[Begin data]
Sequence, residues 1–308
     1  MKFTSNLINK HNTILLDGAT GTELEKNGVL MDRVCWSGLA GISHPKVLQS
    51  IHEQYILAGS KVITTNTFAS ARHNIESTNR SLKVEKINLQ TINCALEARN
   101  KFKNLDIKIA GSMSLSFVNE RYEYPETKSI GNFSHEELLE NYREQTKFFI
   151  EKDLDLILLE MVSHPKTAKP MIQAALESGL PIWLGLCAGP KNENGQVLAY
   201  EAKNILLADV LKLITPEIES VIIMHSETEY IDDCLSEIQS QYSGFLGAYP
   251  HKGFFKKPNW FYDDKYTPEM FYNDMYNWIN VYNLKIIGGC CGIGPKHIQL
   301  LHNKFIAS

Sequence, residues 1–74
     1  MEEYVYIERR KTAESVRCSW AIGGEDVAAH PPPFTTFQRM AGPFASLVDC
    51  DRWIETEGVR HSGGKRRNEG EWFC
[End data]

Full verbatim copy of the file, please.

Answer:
Sequence, residues 1–308
     1  MKFTSNLINK HNTILLDGAT GTELEKNGVL MDRVCWSGLA GISHPKVLQS
    51  IHEQYILAGS KVITTNTFAS ARHNIESTNR SLKVEKINLQ TINCALEARN
   101  KFKNLDIKIA GSMSLSFVNE RYEYPETKSI GNFSHEELLE NYREQTKFFI
   151  EKDLDLILLE MVSHPKTAKP MIQAALESGL PIWLGLCAGP KNENGQVLAY
   201  EAKNILLADV LKLITPEIES VIIMHSETEY IDDCLSEIQS QYSGFLGAYP
   251  HKGFFKKPNW FYDDKYTPEM FYNDMYNWIN VYNLKIIGGC CGIGPKHIQL
   301  LHNKFIAS

Sequence, residues 1–74
     1  MEEYVYIERR KTAESVRCSW AIGGEDVAAH PPPFTTFQRM AGPFASLVDC
    51  DRWIETEGVR HSGGKRRNEG EWFC